Life on American Aircraft CarriersAuthor of the article: Vitzlipuzli
"Life on board ship is a constant battle with rust, in which the weapons are the chipping hammer, the wire brush, red lead, and gray paint."
Crossing the Line. A Bluejacket's Odyssey in World War II. Alvin KernanWars often contribute to the technological progress of man. Take for example the number of war vehicles that came out of World War II, like the British Spitfire aircraft, Russian T-34 tanks, and American aircraft carriers, the latter becoming an integral part of naval warfare, playing a crucial role in the Pacific theater of war. Referred to as the "powerhouse of the fleet" by the United States Navy, they proved their importance at the Battle of Midway and Leyte, as well as many other operations of the U.S. Navy.
pic.2 Torpedo squadron pilots (VT-13) on the aircraft carrier USS Franklin (CV-13) during the battle of Leyte, 1944.
In 1940, the United States Congress approved the construction of 12 Navy pilot training bases to be carried out in record time. One of these was the Naval Air Station Corpus Christi, whose first batch of pilots graduated on November 1, 1941, just a month before the dramatic Attack on Pearl Harbor (which would be a catalyst for the United States to officially enter World War II).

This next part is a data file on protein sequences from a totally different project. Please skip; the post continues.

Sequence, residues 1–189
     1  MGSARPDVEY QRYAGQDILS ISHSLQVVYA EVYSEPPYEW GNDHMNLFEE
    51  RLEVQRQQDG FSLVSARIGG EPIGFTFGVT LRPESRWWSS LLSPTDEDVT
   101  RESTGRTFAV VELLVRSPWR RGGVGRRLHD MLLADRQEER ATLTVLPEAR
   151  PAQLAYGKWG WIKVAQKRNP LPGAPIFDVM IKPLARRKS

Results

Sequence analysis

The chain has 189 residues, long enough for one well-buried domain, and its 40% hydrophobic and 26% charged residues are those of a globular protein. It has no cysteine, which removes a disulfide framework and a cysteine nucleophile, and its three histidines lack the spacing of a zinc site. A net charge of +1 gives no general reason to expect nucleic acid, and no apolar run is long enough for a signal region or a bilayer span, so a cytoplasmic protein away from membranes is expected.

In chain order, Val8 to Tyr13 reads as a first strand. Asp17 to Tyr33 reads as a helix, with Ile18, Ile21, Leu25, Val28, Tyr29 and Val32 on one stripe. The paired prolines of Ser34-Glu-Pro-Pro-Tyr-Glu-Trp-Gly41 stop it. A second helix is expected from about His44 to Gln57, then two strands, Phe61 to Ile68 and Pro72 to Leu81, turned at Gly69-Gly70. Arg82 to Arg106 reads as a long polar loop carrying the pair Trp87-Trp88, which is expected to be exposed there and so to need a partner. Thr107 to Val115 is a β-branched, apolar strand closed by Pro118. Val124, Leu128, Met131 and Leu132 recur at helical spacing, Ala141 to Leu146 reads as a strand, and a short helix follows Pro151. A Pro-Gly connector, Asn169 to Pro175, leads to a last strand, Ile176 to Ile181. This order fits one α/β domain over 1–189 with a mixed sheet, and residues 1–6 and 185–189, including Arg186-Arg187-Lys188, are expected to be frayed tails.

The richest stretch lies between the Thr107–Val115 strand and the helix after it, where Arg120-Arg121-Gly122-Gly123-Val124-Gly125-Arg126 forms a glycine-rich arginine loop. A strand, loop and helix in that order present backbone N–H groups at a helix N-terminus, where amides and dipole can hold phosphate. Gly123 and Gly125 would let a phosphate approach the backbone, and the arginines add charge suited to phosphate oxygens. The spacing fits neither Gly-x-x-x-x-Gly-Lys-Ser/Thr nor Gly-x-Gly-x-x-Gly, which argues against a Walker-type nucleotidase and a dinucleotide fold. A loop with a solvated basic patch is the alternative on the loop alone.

pic.3 Fighter squadron VF-10, also known as “Grim Reapers” on board the aircraft carrier USS Enterprise (CV-6), 1942.
Aircraft carriers, like other ships, required thousands of sailors to become experts in their field. For example, the aircraft carrier USS Yorktown counted more than two thousand sailors as part of her crew. In addition to pilots, thousands of technician seamen were needed to maintain aircraft carriers and be responsible for repairs, refueling, equipping combat ammunition, and more.